I knew that even though I was both a physician and a health insurance executive, I had been grossly over charged. I realized that if I was able to share my knowledge about healthcare pricing with patients, they too would be able to find affordable, quality healthcare services.
HCBB’s business consists of two parts.
At the HCBB website, consumers can use our free tool to help individuals understand fair healthcare prices and often to find local providers that also offer fair prices.
The second part of our business is providing customized transparency solutions to employers and insurance companies/third party administrators (TPAs). These organizations use our tool to allow employees and members to see the local in-network price variations that exist and to find local providers that offer the best value.
USDMT: What audience does The Healthcare Blue Book market its services to? The uninsured? The working class?
JR: HCBB assists individuals that have insurance, as well as those that must pay for their own care.
Our primary clientele generally consists of employers, insurance companies and TPAs.
USDMT: Do you have a set network of providers you work with nationwide? Any centers of excellence (COE)?
JR: We work with all providers and do not limit our review to any particular providers.
The providers that offer the best value are the ones most likely to promote their services with HCBB, which often includes online appointment scheduling.
We do collaborate with COEs. Often we promote the COE that the employer or health plan recommends. Examples of the COE programs include Cleveland Clinic for cardiac surgery and Mayo Clinic for organ transplants.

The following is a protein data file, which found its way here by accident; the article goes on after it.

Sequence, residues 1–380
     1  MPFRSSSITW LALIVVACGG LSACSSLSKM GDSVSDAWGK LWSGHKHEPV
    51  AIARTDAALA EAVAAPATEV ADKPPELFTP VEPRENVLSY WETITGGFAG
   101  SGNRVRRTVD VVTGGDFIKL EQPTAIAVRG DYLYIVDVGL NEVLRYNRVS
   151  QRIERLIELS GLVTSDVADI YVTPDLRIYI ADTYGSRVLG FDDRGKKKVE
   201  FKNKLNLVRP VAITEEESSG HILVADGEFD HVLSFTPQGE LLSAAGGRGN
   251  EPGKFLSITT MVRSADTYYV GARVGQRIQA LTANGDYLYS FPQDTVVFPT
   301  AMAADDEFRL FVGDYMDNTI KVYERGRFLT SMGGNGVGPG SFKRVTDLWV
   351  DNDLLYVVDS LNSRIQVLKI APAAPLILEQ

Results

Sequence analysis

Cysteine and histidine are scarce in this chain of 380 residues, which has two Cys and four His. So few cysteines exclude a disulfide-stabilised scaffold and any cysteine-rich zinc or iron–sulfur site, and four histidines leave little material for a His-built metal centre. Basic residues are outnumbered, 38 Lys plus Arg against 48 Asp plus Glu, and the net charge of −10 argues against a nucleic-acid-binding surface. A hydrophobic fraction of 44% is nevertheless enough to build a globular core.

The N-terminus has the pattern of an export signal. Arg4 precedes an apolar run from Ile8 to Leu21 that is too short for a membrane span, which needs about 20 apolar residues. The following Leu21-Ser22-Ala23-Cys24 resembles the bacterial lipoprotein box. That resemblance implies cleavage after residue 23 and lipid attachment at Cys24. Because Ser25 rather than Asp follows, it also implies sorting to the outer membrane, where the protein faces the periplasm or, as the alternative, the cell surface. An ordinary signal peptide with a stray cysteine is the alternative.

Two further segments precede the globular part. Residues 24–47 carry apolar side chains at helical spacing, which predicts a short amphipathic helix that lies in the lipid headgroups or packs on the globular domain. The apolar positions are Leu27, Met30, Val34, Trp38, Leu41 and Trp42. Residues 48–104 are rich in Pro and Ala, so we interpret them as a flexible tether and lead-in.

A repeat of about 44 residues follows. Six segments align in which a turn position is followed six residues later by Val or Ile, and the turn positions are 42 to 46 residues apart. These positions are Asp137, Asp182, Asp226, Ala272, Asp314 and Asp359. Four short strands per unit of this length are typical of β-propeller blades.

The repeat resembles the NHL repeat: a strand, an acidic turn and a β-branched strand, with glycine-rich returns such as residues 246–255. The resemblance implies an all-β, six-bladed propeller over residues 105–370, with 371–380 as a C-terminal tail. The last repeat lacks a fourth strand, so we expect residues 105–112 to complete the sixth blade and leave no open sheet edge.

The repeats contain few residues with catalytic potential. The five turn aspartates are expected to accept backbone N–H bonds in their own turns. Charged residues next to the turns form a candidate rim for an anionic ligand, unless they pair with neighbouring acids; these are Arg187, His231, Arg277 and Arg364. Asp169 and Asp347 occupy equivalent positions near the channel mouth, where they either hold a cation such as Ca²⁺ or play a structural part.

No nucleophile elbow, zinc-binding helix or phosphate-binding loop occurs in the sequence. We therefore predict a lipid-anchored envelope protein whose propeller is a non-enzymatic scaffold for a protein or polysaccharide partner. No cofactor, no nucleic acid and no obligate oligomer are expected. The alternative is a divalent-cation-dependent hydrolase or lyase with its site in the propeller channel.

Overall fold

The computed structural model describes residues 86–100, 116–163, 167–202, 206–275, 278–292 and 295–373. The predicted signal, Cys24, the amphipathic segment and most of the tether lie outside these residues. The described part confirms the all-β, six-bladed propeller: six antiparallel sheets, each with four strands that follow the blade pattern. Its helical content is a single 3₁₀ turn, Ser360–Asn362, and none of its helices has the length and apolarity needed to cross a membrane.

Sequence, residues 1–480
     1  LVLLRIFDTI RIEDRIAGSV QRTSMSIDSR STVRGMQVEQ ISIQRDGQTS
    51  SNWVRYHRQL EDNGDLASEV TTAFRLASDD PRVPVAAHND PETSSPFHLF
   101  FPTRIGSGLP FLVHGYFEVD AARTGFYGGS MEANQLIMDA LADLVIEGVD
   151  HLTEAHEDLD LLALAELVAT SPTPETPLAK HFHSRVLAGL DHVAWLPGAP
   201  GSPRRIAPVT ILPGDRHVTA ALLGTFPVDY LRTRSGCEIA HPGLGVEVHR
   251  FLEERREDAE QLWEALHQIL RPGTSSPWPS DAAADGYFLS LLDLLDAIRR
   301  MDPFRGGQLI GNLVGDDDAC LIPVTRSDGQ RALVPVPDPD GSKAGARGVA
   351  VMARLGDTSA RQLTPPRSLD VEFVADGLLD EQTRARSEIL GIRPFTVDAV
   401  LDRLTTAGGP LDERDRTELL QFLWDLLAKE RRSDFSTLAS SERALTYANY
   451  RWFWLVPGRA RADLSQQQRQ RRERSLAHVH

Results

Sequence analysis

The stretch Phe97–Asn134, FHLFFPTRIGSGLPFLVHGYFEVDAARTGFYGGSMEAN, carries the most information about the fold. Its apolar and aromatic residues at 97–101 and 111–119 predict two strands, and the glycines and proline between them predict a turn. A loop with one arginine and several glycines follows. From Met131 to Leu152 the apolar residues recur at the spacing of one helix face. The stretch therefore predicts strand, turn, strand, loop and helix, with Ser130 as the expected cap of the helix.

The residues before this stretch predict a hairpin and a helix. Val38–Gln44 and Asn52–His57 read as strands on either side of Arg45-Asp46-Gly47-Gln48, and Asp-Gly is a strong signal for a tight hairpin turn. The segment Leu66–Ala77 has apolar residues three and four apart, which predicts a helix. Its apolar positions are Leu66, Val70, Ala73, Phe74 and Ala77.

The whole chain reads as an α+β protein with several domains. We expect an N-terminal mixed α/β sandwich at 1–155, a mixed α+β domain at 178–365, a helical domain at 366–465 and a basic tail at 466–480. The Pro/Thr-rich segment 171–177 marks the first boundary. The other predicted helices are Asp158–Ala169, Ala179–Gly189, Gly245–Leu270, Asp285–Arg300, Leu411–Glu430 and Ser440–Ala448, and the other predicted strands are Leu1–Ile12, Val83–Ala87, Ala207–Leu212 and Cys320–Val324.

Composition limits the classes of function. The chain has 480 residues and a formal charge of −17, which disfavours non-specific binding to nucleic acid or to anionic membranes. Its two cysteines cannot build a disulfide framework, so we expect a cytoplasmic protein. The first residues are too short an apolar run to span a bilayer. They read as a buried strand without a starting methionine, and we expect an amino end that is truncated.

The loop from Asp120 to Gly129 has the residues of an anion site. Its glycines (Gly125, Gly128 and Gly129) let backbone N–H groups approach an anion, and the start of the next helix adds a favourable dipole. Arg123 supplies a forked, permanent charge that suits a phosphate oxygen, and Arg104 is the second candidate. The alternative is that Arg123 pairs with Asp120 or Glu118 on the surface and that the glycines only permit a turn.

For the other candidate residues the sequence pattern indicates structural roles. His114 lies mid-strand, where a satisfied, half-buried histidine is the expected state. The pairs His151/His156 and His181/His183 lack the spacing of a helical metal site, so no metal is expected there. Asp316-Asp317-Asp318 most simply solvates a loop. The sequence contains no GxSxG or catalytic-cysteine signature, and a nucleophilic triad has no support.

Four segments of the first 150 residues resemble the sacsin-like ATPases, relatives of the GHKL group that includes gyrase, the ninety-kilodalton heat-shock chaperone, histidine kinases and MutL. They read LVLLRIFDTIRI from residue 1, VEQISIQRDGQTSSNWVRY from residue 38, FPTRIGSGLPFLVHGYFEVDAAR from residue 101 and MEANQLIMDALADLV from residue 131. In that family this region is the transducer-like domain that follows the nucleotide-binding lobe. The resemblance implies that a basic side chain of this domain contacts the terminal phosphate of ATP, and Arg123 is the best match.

USDMT: In terms of the COE-is this where you see domestic medical travel come into play with The Healthcare Blue Book’s services?
JR: Absolutely, we see patients traveling domestically to COEs.
We also have patients who will travel to find fair prices for their surgeries or other procedures.
HCBB can help patients locate providers that offer both high quality care and fair prices. Patients appreciate the ability to know in advance exactly how much their care is going to cost.
USDMT: Have you witnessed a large percentage of individuals traveling for lower cost and better quality treatment?
JR: Currently, I would say the majority of patients still receive their care locally.
However, when local providers won’t offer satisfactory arrangements, we do see increasing interest in domestic medical travel from patients in search of affordable, high quality/specialized services.
News in Review
Part II of III: Traveling for Healthcare - What Should You Do?
Stewart M. Hamilton, M.D., C.M.O., The Medical Travel Commission
Note that patient satisfaction is as an outcome! Satisfaction, in a general sense, is achieved when expectations are met. What are your expectations when you visit a physician, clinic or hospital? I am sure that high among your expectations is a successful operation or procedure. Incidentally, physicians rarely assume a successful operation, procedure or diagnostic work-up. They expect that it will be the case, but it is rarely assumed.
In light of the fact that a successful procedure, operation or work-up is presumed by most patients, for many the "softer" side of medical care is what drives satisfaction, as long as the procedure/treatment goes as planned.